Hyacinth woes: from a gift to a curse

Hyacinth monitoring

In 1884, the visiting Japanese delegation to the World’s Fair in New Orleans handed out a seemingly innocuous gift to fair attendees. This gift, a beautiful flowering aquatic plant native to South America, was brought home to Florida by a Mrs. W.F. Fuller, who wanted to decorate her backyard fishpond. The plant began to multiply and soon choked the water of her small pond. When she thinned out the plants, a few of them made it into the water at her boat ramp on the nearby St. Johns River. Within a few years, the entire river was covered in a vast floating mat of vegetation so thick that boats could no longer navigate on the river. The plant, water hyacinth (Eichornia crassipes), would turn out to be a scourge in America, as it has come to clog waterways and irrigation canals across the country, blocking sunlight and wringing precious oxygen and nutrients from the water. Brought to California in 1904, it was released by an aquatic plant enthusiast into the Sacramento River, and continues to cause massive problems to this day (see Green Tunnels of Invasive Weeds).

Due to ongoing drought conditions and resulting warm water temperatures, the outbreak of water hyacinth in 2014 is among the worst that California has ever seen. The weed has so choked waterways that it is considered a safety hazard, blocking access to marinas and prompting the cancellation of Stockton’s lighted boat parade. Since the Central Valley is perhaps the only place in the world where water hyacinth and Chinook salmon exist together, very little is known about what effect the aquatic plant has on salmon migrations. To investigate this issue, FISHBIO staff recently spent several evenings in the field deploying our ARIS camera directly below some large rafts of hyacinth in Central Valley rivers to try and capture footage of salmon behavior as they encounter this floating plant. We chose to use the ARIS for this exploratory survey because it is a non-intrusive sampling method that does not alter fish behavior, while also providing near-video-quality imagery in the dark conditions under the dense blankets of hyacinth. The ARIS also allowed us to film at night, when the majority of salmon migration activity tends to take place.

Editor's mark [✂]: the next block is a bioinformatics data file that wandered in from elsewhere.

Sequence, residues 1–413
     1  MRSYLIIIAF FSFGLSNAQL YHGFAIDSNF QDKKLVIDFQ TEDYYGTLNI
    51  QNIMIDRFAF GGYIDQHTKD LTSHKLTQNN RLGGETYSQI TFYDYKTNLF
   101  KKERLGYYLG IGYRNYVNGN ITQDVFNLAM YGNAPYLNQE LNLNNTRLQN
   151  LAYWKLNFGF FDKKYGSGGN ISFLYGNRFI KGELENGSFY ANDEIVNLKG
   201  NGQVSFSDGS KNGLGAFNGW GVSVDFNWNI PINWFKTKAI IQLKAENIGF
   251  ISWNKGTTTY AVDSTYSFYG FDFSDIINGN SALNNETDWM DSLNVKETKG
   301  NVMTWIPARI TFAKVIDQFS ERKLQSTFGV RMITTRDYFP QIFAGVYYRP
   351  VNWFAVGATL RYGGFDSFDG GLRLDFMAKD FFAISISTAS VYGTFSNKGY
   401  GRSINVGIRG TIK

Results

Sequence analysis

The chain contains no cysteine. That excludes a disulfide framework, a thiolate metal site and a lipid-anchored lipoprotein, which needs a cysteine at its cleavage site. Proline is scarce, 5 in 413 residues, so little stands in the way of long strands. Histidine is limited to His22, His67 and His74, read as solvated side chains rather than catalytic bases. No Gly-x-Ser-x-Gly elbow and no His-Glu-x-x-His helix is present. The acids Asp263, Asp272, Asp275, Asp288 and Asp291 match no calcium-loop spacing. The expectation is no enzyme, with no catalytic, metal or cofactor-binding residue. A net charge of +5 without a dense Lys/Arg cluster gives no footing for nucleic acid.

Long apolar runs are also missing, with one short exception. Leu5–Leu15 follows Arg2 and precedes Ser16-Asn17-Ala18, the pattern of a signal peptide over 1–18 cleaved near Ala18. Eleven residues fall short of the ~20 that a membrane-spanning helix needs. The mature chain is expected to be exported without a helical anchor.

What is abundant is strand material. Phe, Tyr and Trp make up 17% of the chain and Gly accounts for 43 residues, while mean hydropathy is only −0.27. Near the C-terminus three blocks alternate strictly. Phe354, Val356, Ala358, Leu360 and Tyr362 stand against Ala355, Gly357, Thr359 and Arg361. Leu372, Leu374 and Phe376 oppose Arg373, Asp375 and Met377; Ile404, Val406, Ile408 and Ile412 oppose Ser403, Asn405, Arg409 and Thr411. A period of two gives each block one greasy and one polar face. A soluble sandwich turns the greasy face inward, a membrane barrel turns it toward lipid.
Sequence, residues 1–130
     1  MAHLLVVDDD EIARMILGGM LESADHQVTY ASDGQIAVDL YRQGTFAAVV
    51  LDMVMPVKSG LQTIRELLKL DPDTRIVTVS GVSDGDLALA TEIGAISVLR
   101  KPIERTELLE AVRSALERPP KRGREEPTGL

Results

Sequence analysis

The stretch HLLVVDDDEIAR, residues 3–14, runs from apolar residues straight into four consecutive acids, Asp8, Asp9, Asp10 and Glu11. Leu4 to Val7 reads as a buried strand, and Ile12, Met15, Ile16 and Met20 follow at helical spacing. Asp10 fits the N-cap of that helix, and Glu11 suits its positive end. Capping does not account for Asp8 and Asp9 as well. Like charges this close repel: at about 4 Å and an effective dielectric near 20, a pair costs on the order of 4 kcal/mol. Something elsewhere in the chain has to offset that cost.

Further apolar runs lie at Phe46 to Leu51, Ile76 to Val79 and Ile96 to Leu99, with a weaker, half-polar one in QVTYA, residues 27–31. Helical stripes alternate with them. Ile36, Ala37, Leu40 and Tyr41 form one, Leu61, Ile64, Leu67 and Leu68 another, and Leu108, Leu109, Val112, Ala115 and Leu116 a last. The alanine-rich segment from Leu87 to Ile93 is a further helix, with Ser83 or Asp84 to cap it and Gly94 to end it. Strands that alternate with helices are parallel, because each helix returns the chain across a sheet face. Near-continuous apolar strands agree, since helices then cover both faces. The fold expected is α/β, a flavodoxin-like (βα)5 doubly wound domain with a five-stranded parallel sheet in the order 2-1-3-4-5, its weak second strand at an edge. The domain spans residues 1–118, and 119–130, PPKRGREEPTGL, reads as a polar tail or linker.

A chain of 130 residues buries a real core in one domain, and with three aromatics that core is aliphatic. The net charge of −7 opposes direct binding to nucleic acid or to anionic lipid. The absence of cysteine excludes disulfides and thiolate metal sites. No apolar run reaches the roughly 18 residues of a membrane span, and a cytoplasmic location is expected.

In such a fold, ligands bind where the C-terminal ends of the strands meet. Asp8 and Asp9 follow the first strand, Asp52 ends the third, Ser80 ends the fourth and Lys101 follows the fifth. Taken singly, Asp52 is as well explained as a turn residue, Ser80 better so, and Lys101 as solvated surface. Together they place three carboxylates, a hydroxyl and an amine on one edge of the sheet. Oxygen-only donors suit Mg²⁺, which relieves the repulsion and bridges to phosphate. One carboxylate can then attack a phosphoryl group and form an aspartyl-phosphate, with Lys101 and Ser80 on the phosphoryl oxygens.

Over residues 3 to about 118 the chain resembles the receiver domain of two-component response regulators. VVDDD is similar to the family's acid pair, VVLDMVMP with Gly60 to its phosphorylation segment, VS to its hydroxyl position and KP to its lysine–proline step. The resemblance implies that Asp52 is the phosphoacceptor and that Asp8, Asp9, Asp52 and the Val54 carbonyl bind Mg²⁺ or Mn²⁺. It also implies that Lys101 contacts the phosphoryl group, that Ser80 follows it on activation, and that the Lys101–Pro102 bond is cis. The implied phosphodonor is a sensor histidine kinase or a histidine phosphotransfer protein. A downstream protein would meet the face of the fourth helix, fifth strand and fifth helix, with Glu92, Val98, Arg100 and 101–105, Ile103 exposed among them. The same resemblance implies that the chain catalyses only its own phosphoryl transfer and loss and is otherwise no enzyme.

While we were able to obtain some good quality footage of large fish encountering these floating mats, more work is needed before we can draw conclusions. One challenge we experienced is low salmon escapement numbers, meaning there were few fish for us to observe. For example, the Tuolumne River has witnessed a nearly 90 percent reduction in the numbers of returning salmon compared to last year. In places where we expected to see large schools of fish moving through the river, we had a hard time seeing much of anything except carp and Sacramento sucker. It’s likely the large rafts of water hyacinth are having a negative effect on salmon migration, although the unusual environmental conditions that have caused prolific growth of the plant could also contribute to reduced salmon escapement.

Hyacinth not only creates environmental headaches, it’s also an expensive nuisance. California’s Department of Boating and Waterways (DBW) spends an estimated $6.5 million every year battling destructive, invasive weeds, including hyacinth. Since there is no known eradication method, this money goes only to attempts to ‘control’ the species, usually by spraying or mechanical removal. However, each of these methods has its drawbacks. Mechanical removal is extremely costly, as the plant exhibits prolific growth (89 Tons/acre/year) and requires specialized equipment for removal. The most common method of control is chemical treatment, usually with the herbicides glyphosate (Roundup) or 2,4-D (one half of the mixture that made up Agent Orange, a defoliant used in the Vietnam War); however, both of these herbicides can only be sprayed during certain times of year due to water quality concerns. Other novel approaches have been discussed, ranging from the intuitive (Amazonian weevils, moths, and fungal pathogens) to the bizarre (hippos, capybaras, and manatees). While we continue to monitor this situation one thing has become painfully clear: hyacinth is an issue that is not going away anytime soon.

This post featured in our weekly e-newsletter, the Fish Report. You can subscribe to the Fish Report here.